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The Tryptophan System in Cocaine-Induced Depression

Addiction Research Group (GRAd), Neuroscience Research Program, Hospital del Mar Medical Research Institute (IMIM), 08003 Barcelona, Spain
Institut de Neuropsiquiatria i Addiccions, Hospital del Mar, 08003 Barcelona, Spain
Department of Psychiatry and Department of Pharmacology, School of Medicine, Universitat Autònoma de Barcelona (UAB), 08290 Cerdanyola del Vallès, Spain
Department of Experimental and Health Sciences (CEXS), Universitat Pompeu Fabra, 08002 Barcelona, Spain
Integrative Pharmacology and Systems Neuroscience Research Group, Neuroscience Research Programme, Hospital del Mar Medical Research Institute (IMIM), 08003 Barcelona, Spain
Clinical Pharmacology Department, Hospital Universitari Germans Trias i Pujol (IGTP), 08003 Badalona, Spain
Department of Statistics and Operations Research, Universitat Politècnica de Barcelona Barcelonatech, 08034 Barcelona, Spain
Neurobiology of Behaviour Research Group (GReNeC-NeuroBio), Department of Experimental and Health Sciences, Universitat Pompeu Fabra, 08002 Barcelona, Spain
Neurobiology of Behaviour Research Group, Neuroscience Research Programme, Hospital del Mar Research Institute (IMIM), 08003 Barcelona, Spain
Authors to whom correspondence should be addressed.
These authors contributed equally to this study.
NEURODEP GROUP: Josep Martí Bonany (J.M.B.), Julián Mateus (J.M.), Paola Rossi (P.R.), Claudio Tamarit (C.T.), Gabriel Vallecillo (G.V.).
J. Clin. Med. 2020, 9(12), 4103;
Received: 23 October 2020 / Revised: 13 December 2020 / Accepted: 17 December 2020 / Published: 19 December 2020


Major depression disorder (MDD) is the most prevalent psychiatric comorbid condition in cocaine use disorder (CUD). The comorbid MDD might be primary-MDD (CUD-primary-MDD) or cocaine-induced MDD (CUD-induced-MDD), and their accurate diagnoses and treatment is a challenge for improving prognoses. This study aimed to assess the tryptophan/serotonin (Trp/5-HT) system with the acute tryptophan depletion test (ATD), and the kynurenine pathway in subjects with CUD-primary-MDD, CUD-induced-MDD, MDD and healthy controls. The ATD was performed with a randomized, double-blind, crossover, and placebo-controlled design. Markers of enzymatic activity of indoleamine 2,3-dioxygenase/tryptophan 2,3-dioxygenase, kynurenine aminotransferase (KAT) and kynureninase were also established. Following ATD, we observed a decrease in Trp levels in all groups. Comparison between CUD-induced-MDD and MDD revealed significant differences in 5-HT plasma concentrations (512 + 332 ng/mL vs. 107 + 127 ng/mL, p = 0.039) and the Kyn/5-HT ratio (11 + 15 vs. 112 + 136; p = 0.012), whereas there were no differences between CUD-primary-MDD and MDD. Effect size coefficients show a gradient for all targeted markers (d range 0.72–1.67). Results suggest different pathogenesis for CUD-induced-MDD, with lower participation of the tryptophan system, probably more related to other neurotransmitter pathways and accordingly suggesting the need for a different pharmacological treatment approach.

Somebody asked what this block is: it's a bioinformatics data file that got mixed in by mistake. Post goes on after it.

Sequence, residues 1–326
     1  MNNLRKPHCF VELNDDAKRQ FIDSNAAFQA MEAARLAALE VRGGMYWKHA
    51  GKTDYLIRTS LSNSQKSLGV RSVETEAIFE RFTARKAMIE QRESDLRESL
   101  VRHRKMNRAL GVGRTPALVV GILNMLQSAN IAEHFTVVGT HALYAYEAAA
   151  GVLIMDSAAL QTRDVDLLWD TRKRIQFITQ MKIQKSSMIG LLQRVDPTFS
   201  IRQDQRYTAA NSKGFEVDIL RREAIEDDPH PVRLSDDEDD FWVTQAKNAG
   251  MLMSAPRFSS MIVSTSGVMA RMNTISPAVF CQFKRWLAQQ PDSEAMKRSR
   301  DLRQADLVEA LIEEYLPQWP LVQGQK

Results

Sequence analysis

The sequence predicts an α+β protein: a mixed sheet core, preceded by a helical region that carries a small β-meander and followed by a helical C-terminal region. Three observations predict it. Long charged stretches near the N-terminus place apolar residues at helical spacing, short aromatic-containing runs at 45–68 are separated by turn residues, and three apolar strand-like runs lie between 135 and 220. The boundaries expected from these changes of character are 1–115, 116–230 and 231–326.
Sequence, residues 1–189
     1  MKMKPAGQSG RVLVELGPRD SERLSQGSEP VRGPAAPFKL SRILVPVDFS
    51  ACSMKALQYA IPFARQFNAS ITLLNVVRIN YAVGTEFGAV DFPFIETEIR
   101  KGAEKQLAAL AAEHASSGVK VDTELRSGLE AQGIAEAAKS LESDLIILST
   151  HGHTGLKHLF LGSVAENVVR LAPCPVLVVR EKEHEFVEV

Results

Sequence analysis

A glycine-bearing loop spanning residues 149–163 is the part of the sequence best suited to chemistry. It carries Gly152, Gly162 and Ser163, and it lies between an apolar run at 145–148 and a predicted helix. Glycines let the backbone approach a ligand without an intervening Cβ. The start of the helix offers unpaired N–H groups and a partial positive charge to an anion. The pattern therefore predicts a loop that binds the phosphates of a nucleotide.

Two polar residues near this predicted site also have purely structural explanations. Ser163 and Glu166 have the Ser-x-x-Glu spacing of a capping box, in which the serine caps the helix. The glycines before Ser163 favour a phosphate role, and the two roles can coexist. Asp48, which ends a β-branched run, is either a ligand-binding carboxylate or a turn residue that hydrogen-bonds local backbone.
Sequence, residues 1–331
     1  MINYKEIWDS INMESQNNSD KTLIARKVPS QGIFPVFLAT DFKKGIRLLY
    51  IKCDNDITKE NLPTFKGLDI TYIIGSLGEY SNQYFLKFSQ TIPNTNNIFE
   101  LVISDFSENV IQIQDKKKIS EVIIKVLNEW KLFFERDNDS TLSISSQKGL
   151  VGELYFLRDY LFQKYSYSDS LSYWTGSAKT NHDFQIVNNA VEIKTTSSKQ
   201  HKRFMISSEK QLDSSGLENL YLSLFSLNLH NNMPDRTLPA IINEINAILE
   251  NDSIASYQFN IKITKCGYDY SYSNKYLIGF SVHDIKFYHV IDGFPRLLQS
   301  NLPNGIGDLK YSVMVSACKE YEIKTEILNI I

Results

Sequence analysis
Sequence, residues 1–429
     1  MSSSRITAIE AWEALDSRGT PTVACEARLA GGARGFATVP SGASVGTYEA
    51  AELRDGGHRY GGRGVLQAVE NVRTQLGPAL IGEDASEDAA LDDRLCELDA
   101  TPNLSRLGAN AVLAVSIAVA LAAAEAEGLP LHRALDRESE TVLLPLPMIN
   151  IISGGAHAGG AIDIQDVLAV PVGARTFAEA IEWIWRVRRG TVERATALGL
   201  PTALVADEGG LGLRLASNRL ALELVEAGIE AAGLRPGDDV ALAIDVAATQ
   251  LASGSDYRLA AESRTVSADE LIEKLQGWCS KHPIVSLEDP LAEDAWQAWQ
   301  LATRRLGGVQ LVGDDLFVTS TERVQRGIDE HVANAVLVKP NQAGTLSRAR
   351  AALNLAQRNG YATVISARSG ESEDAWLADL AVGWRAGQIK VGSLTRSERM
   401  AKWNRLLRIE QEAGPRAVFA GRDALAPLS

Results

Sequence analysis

1. Introduction

Major depression disorder (MDD) is the most prevalent psychiatric comorbid condition in subjects with cocaine use disorder (CUD), and its treatment constitutes a challenge [1]. In clinical practice, the co-occurrence of substance use hinders both the diagnosis of depressive symptoms and the differentiation between primary depressive and cocaine-induced episodes. Indeed, such a distinction could prove crucial in improving diagnostics and treatment, and therefore the prognoses [2,3]. Accordingly, there is a growing interest in putative biomarker research that enhances a better approach to this comorbid pathology.